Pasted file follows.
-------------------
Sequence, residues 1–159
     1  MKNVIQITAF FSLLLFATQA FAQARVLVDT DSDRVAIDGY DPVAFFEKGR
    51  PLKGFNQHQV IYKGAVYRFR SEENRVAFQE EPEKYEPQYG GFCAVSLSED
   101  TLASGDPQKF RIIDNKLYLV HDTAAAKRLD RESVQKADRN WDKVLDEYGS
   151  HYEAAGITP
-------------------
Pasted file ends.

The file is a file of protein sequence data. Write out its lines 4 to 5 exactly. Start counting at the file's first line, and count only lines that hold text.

   101  TLASGDPQKF RIIDNKLYLV HDTAAAKRLD RESVQKADRN WDKVLDEYGS
   151  HYEAAGITP